The Greens are warning Julia Gillard that she will ''stand for nothing'' if she reacts to growing calls to modify or dump the carbon tax to save her government from electoral annihilation.

Former Labor premier Kristina Keneally said yesterday the unpopular tax should be wound back or scrapped.

The NSW backbencher, who publicly supported the federal climate change policy in the state election, also said the Prime Minister should apologise for breaking her promise not to introduce the tax.

The Prime Minister should ''think seriously'' about revoking the tax or reducing its impact, Ms Keneally said.

Labor figures rejected Ms Keneally's demands and rallied around the Prime Minister who is being buffeted by another round of intense leadership speculation following her sudden turnaround in support for Peter Slipper and Craig Thomson staying in their positions, and another bad poll.

Tourism Minister Martin Ferguson, who backed Kevin Rudd in the February leadership ballot, said Ms Gillard had been decisive in her handling of the Slipper and Thomson matters.

''Those issues have been attended to as they should have been and the government's absolute focus at the moment is on the budget,'' he said.

Greens leader Christine Milne said Ms Keneally was doing her best to undermine her own party.

''People all around Australia have been saying, what does the Labor Party actually stand for, what do they believe in?'' Senator Milne said.

''When you flip flop on policies like action on climate change, all that does is reinforce the view that the Labor Party stands for nothing except changing its position according to what the polls or the [focus groups] are telling them.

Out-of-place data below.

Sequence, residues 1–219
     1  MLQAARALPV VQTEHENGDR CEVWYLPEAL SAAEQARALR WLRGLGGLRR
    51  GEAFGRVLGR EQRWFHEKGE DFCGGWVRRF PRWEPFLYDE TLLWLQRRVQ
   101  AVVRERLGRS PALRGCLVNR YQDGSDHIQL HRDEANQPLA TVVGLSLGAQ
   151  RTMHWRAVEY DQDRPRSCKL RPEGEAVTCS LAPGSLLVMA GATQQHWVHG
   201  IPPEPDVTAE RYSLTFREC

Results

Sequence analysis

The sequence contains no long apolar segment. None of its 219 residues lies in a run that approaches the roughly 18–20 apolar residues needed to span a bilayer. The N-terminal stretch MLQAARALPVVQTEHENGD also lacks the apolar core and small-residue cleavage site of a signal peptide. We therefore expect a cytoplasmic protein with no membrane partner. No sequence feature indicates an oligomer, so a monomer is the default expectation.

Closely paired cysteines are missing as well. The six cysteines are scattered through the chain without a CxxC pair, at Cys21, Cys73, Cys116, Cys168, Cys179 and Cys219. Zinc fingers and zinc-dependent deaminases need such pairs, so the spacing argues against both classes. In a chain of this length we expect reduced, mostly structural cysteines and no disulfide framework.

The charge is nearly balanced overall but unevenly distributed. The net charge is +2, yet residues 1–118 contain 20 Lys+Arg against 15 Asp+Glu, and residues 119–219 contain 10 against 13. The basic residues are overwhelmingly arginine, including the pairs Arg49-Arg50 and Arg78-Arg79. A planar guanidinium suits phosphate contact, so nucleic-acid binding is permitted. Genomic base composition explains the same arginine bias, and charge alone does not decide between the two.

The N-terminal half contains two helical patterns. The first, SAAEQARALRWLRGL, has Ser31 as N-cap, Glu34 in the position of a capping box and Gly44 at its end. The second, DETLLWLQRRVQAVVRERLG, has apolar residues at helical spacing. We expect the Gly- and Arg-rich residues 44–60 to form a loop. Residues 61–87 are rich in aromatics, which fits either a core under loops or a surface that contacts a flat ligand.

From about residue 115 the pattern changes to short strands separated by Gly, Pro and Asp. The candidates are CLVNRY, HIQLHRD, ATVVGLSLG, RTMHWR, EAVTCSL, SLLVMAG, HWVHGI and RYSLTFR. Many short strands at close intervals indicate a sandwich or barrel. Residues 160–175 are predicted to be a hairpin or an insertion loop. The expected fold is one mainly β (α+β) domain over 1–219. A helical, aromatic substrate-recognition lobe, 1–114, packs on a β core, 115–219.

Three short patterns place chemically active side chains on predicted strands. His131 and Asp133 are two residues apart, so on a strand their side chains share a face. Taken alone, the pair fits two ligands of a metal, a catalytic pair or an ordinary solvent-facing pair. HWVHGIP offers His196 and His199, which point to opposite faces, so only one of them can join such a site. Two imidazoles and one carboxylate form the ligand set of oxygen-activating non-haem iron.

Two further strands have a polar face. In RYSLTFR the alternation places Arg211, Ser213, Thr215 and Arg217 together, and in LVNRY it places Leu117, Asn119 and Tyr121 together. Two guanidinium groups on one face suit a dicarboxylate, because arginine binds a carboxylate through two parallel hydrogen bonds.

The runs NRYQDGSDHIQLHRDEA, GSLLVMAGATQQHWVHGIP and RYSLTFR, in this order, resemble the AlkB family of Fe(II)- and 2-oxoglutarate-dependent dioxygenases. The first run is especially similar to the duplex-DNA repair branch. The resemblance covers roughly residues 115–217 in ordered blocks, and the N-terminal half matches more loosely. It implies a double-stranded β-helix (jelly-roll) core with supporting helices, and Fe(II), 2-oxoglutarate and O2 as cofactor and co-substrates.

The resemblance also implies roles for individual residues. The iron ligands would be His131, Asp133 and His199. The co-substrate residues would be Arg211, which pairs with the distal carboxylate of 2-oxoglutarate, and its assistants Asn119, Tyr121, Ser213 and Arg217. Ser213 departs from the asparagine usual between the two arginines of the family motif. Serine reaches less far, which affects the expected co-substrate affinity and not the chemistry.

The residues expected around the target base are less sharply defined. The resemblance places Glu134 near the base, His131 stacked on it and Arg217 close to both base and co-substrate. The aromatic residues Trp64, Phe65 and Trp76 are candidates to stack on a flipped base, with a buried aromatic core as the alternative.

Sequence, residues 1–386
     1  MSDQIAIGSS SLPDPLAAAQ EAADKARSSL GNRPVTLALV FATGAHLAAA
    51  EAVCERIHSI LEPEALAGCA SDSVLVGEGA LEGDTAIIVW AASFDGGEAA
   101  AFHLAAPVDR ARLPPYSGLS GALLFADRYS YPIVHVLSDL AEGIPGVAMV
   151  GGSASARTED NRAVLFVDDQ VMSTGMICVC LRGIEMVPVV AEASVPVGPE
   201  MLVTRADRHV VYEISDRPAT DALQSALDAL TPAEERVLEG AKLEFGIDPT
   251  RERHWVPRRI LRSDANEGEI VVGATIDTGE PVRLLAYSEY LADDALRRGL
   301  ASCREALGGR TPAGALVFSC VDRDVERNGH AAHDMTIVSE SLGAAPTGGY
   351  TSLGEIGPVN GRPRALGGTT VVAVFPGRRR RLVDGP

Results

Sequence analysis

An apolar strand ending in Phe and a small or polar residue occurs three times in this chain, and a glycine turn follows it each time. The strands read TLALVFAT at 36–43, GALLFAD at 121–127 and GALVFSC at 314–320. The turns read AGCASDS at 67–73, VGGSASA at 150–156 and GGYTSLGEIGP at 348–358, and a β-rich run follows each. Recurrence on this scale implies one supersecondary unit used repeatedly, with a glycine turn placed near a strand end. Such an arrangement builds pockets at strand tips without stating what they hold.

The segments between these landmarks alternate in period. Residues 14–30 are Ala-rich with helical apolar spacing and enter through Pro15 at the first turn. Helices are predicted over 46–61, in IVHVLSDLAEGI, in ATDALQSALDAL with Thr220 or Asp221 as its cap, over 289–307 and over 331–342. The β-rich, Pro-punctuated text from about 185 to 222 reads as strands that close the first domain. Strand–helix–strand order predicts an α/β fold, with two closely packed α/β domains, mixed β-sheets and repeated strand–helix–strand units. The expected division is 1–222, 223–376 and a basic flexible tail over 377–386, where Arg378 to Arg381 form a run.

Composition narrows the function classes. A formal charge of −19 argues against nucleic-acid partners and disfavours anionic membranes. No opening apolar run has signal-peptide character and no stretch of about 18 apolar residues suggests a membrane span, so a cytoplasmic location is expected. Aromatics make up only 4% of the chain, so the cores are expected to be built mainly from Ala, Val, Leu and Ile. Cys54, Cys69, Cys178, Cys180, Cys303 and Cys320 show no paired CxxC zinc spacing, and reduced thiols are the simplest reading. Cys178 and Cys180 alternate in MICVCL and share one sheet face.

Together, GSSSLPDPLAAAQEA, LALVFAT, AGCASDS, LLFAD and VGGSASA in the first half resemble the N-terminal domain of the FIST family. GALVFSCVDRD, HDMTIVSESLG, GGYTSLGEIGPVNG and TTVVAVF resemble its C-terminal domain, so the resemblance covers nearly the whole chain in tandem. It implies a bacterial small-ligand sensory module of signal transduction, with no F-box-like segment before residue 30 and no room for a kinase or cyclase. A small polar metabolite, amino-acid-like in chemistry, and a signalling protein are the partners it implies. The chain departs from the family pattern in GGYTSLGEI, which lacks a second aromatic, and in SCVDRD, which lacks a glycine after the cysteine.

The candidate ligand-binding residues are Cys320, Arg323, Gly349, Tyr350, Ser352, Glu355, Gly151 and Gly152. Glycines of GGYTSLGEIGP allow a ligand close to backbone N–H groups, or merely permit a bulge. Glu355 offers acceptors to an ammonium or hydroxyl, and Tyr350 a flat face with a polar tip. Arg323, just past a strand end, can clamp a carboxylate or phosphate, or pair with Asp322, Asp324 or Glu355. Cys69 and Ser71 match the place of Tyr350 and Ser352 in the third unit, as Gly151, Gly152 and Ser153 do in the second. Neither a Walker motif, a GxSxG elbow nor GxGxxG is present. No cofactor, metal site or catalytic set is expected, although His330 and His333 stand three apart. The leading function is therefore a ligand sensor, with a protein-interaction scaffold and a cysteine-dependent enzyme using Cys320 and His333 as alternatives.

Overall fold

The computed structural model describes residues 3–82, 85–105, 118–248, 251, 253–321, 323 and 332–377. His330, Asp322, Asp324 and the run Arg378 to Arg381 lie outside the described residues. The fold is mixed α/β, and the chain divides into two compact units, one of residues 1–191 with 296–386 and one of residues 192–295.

''What Kristina Keneally is saying is, she is asking that the big mistake that Kevin Rudd made which led to a massive collapse in his popularity by abandoning climate change after having said it was the greatest moral issue of our time, Kristina Keneally is asking Julia Gillard to do the same.''

''Kristina Keneally ought to come out and say if climate change is the big risk she said it was when she premier of NSW.''

Last week former Labor powerbroker Graham Richardson predicted Ms Gillard would change the tax to save her leadership.

The government could lower the $23-per-tonne starting price or announce a move to an emissions trading scheme earlier than planned in mid-2015.

It could also offer a one-off utility payment to soften the impact of the carbon tax or boost the household assistance.

Finance Minister Penny Wong refused to discuss the possibility of changes in Tuesday's budget. ''The carbon price has passed the Parliament … [Climate Change Minister] Greg Combet is doing the right thing in terms of making sure that its implementation is as smooth as possible,'' she said.

Opposition Leader Tony Abbott said Labor MPs and voters had lost faith in Ms Gillard.

''Her judgment has been shown again and again and again to be dead wrong,'' he said.

''The prime minister completely fails to get it when it comes to the scandals now tearing apart this government and rendering the Labor brand toxic.''

Canberra Labor MP Andrew Leigh said there was no need to alter the carbon tax.

''I disagree entirely with the comments [of Ms Keneally],'' he said. ''I can speak very strongly in favour of the reform which I think fits squarely in the Labor tradition of economic reform.''

Government Senate leader Chris Evans also repudiated Ms Keneally's comments.

''I don't think walking away from this major economic reform now would be in the interest of Australia,'' he said. ''Most people who have thought deep about these issues know that Australia has to put a price on carbon, so I don't think Ms Keneally's judgment is the right one.''